61. Prof. Dr. Elisabeth Erdmann, prof. em. in History Didactics, University of Erlangen-Nuremberg
  62.  Prof. Francesco Benigno, University of Teramo, Italy
  63. Dr. Eddo Evink, Assistant Professor, Faculty of Philosophy, University of Groningen
  64. Mr. Peter Gunther CA, Archivist, Progressive Archivists
  65. Refik Hodzic, Communications Director, International Center for Transitional Justice
  66. Dr. Susan Hogervorst, Assistant professor Historical culture, Open University
  67. Prof. Dr. Estevão de Rezende Martins, Professor of History and International Relations, University of Brasilia
  68. Prof. Riki Van Boeschoten, Emeritus Professor of Social Anthropology, University of Thessaly, Greece
  69. Dr. Sacha Zala, Universität Bern
  70. Professor Andre Augusto da Fonseca, teacher, Roraima State University, Brazil
  71. Kate Doyle, Senior analyst, National Security Archive
  72. Grace Lile, Director of Operations, WITNESS
  73. Prof. Adolfo Gilly, Profesor Emérito, Universidad Nacional Autónoma de México (UNAM)
  74. Mange Ram Adhana, President, Association for promotion sustainable development. Hisar. India
  75. Ms. Kelsey Yarnell, MLIS student Kent State University
  76. Prof. Dr. Kaat Wils, Research Group Cultural History since 1750,  KU Leuven
  77. The Honourable Paul de Baets, President of the Marine Devision of the Court of Appeal at Antwerp
  78. Stefan Haagedoorn, Trainee, EUROCLIO, European Association of History Educators
  79. Dr. Bob Reinalda, Senior Researcher Political Science, Radboud University Nijmegen
  80. Sam Maat, trainee, EUROCLIO, European Association of History Educators
  81. Linda Haukland, PhD Candidate, North University
  82. Drs. Anne Helfrich, project cordinator, Netherlands Institute for War Documentation (NIOD)
  83. Francesca Di Pasquale, Postdoctoral Researcher, Netherlands Institute for War Documentation (NIOD)
  84. Lutske Holthuis, Student Bachelor of Arts (History), University of Groningen
  85. Dr. Bas von Benda-Beckmann, Researcher, NIOD Institute for War, Holocaust and Genocide Studies
  86. Peter Malcontent, Assistant Professor, Department History of International Relations, Utrecht University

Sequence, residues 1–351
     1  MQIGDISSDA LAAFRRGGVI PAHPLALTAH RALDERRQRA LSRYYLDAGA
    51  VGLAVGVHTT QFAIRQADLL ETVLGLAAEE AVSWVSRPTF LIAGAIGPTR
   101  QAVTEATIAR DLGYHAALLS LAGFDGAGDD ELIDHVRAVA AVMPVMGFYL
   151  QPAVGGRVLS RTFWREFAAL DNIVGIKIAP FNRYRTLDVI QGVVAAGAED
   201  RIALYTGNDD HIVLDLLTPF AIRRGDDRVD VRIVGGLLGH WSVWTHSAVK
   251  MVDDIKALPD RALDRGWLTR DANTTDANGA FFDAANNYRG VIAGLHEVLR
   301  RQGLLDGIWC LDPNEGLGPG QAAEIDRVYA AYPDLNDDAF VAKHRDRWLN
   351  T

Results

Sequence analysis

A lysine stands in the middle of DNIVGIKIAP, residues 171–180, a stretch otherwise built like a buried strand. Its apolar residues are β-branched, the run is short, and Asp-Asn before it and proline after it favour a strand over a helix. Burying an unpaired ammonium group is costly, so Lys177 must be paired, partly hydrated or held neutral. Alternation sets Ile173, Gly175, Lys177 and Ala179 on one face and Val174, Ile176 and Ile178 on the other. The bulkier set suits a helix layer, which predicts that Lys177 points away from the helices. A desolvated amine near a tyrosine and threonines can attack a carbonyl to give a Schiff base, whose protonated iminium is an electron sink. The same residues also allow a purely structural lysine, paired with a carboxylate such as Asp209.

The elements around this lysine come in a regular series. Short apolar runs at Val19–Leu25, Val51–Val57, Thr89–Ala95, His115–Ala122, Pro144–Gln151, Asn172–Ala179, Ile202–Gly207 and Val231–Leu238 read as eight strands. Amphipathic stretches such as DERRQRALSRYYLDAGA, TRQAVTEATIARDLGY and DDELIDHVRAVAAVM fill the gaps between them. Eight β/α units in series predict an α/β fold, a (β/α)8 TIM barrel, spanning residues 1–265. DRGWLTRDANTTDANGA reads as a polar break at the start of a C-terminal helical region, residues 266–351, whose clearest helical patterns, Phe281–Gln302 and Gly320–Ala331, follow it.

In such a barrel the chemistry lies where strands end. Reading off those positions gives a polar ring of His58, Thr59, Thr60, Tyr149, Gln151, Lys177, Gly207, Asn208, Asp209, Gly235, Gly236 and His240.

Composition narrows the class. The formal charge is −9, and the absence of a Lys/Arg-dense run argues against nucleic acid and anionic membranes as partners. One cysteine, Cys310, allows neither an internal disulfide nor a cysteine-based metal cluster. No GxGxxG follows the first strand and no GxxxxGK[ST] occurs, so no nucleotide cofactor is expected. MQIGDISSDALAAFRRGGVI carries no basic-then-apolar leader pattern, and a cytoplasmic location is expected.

87. Dr. Ralf Futselaar, Researcher, NIOD Institute for war, Holocaust, and Genocide Studies
  88. Dr. Nina Witoszek, Research Director Center for Development and the Environment, Oslo University
  89. Christophe Busch, Managing Director, Kazerne Dossin Memorial, Museum and Documentation Centre on Holocaust and Human Rights, Belgium
  90. Dr. Nina Schneider, Global South Study Center (GSSC), University of Cologne
  91. Carlo Angeles, Executive Director, Somos el Presente
  92. Dr. Erik Somers, NIOD Institute for war, Holocaust, and Genocide Studies
  93. Prof. dr. Kees Ribbens, Senior Researcher / Endowed Professor, NIOD Institute for War-, Holocaust- and Genocide Studies / Erasmus University Rotterdam
  94. Dr. Karel Berkhoff, Senior Researcher, NIOD Institute for War, Holocaust and Genocide Studies
  95. Dr. José Gotovitch, Professeur Honoraire d’Histoire Contemporaine, l’Université Libre de Bruxelles
  96. Dr. Frank Haldemann, SNSF Professor of Law, Geneva Academy of International Humanitarian Law and Human Rights
  97. Natasha Marguli, Political Collections and Access Management Archivist, Arkansas State University
  98. Dr. Hilda Sabato, Investigadora Superior, Consejo Nacional de Investigaciones Científicas y Técnicas, Argentina
  99. Dr. Anne J. Gilliland, Professor, Department of Information Studies, University of California
  100. Dr. Eric Strahorn, Associate Professor of History, Florida Gulf Coast University
  101. SamanthaWinn, Collections Archivist, Virginia Polytechnic Institute and State University
  102. Mr. David Diaz-Jogeix, Director of Programmes, Article 19
  103.   Mr. Mathijs Eskes, Student, Rijksuniversiteit Groningen (RuG)
  104. Prof. Georg Iggers, Distinguished Prof. emeritus, State Univ of NY at Buffalo
  105. Prof. Paolo Pezzino, Professor emeritus, University of Pisa
  106. Prof. dr. Raymond Detrez (emiritus), Ghent University, Katholieke Universiteit van Leuven
  107. Ms. Flora Fleischer, Director, Open Knowledge Ireland
  108. Dr. Lore Colaert, Researcher, Flemish Peace Institute
  109. Dr. Blythe Alice Raviola, historian, indipendent scholar, Turin (Italy)
  110. Prof. dr. Nanci Adler, Department of History, University of Amsterdam
  111. Ziad El Baroudi, independent researcher, Belgium
  112. Dr. Philip Grant, Director, TRIAL (Track Impunity Always), Geneva
  113. Marina Demetriadou, PhD candidate, Department of History, University of Crete, Greece
  114. Prof. dr. Patrizia Violi, Professor of Semiotics, Università di Bologna
  115. Marijana Toma, Deputy Executive Director, Humanitarian Law Center
  116. Dr. Catherine Baker, Lecturer in 20th Century History, University of Hull
  117. Ditte Marie Munch-Jurisic, PhD Student, Minority Studies, University of Copenhagen
  118. Dr. Jasna Dragovic-Soso, Senior Lecturer in International Relations, Goldsmiths, University of London
  119. Prof. dr. Vikki Bell, Professor of Sociology, Goldsmiths, University of London
  120. Jessie Hronešová, DPhil Candidate in Politics, St Antony's College, University of Oxford
  121. Dr. Neven Andjelic, Senior Lecturer in International Relations and Human Rights, Regent's University London 
  122. Dr. Jovana Mihajlović Trbovc, Postdoctoral Researcher, Institute for Culture and Memory Studies, Research Centre of the Slovenian Academy of Sciences and Arts
  123. Prof. Renaud de la Brosse, Professor of Media and Communication Science, Linnaeus University Sweden